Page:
Goodnight Mr. Darcy by Kate Coombs, illustrated by Alli Arnold

Goodnight Mr. Darcy by Kate Coombs and Alli Arnold

This delightful book calls itself a parody, rather than an adaptation. While I agree that it isn’t quite a thorough adaptation, it is quite soothing and bids “goodnight” to all of our favorite characters and locations. “Good night hopeful / good night pretty / good night fine eyes /and good night witty.” What poetry! About our book. I mean Jane Austen’s book, of course. I shall buy a copy for every night of the week to read to myself before bed. Imagine! Me, owning a second book. 

Pride and Prejudice and Math by Misti Kenison

Pride & Prejudice & Math by Misti Kenison

The description of this book spends much energy touting that it is STEAM-based, leading some of our audience to believe that it is powered in the same manner as the locomotions that now crisscross our beautiful countryside, but it appears to be an acronym that refers to the very same maths that are referenced in the title! This book uses mathematical concepts to explain slightly more in-depth concepts from the plot of the book, for example: “Mrs. Bennet had 5 daughters at home, until Lydia ran away. Now she has 4 daughters at home” and “Pemberley is a larger house than Longborne.” Sad truths, some of these, but truths all the same. 

Pride and Prejudice: Lit for Little Hands

Pride & Prejudice: Lit for Little Hands by Brooke Jorden

Now, if you take the text and the illustrations at face value, well then, this is quite a nice little adaptation! Characters are given Jane Austen’s own words to speak, and this runs along with an abridged version of the story for young readers. I’m afraid, though, that the extra features in this book, well, they give me some pause. There is much tugging and jostling, and, well, these things just aren’t done. In fact, on the very cover of the book, there is a mechanism that allows the reader to nudge our own Elizabeth Bennett toward Mr. Darcy in something that resembles an embrace! While other elements are quite charming, such as a fold-down letter that allows you to read Mr. Darcy’s letter to Elizabeth, and a spinning wheel that, on one side, allows you to spin dancers at a ball, while on the other side allows you to read more dialogue written by Austen, I simply cannot support something that encourages such failures of propriety. Dear me.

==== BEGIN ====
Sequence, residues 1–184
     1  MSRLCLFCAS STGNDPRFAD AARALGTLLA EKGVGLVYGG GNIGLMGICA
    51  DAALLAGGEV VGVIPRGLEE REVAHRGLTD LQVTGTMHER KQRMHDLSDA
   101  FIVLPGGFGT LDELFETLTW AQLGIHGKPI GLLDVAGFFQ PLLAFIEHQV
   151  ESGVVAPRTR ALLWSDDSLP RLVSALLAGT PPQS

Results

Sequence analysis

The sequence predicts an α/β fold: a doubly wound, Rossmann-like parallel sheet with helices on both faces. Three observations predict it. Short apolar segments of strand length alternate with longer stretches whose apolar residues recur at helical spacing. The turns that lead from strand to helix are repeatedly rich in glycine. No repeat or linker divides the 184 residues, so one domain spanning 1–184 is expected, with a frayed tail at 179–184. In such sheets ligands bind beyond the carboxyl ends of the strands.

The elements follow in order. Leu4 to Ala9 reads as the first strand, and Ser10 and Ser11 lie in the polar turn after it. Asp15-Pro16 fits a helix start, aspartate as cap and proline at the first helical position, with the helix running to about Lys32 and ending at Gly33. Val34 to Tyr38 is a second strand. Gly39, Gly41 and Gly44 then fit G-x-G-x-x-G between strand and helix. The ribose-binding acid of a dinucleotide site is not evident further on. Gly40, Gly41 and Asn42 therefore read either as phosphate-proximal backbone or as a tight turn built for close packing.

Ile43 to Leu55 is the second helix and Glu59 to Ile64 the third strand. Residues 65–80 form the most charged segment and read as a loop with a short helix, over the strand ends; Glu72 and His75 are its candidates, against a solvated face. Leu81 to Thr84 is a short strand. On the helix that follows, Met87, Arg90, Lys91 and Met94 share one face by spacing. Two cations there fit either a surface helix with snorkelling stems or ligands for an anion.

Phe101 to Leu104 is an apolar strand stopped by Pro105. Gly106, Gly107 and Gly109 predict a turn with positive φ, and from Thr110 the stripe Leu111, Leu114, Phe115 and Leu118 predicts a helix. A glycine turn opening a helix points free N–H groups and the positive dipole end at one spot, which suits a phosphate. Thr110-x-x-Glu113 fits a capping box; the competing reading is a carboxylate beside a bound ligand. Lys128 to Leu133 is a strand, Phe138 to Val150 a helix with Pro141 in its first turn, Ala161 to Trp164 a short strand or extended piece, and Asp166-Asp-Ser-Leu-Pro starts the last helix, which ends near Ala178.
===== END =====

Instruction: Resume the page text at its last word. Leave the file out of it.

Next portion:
Pride and Prejudice Storybook by Stephanie Clarkson

Pride & Prejudice: a Babylit Storybook by Stephanie Clarkson and Annabelle Tempest

Ah yes, Babylit, we meet again. They invented the format, and they did master it. While their line of primers gives the very tiniest of our offspring a taste of the major works of literature, their line of storybooks shares our beloved stories with those young ones whose attention spans have expanded beyond short lists of items sorted by number or color. This 30-page board book has enough room to explore the complexities of the saga, and Anabelle Tempest’s whimsical illustrations add some enjoyment, but not too much, to this pleasing retelling. As in other adaptations, the illustrated characters are given Jane Austen’s own words in quaint bubbles of speech. It is a worthy retelling, and one that I am sure will cause dozens of moppets to gather ‘round your knee, eager to hear this, the finest story the English language has to offer. 


I do so hope you’ve found this list of board book adaptations to be helpful as you work to educate the bantlings in your care. I, myself, have been quite energized by this ramble through the lower shelves of the library, and have been inspired to expand my own literary horizons. Perhaps even tomorrow, I shall find myself a new book. After reviewing the vast options at hand, I have chosen — what else? — Sense & Sensibility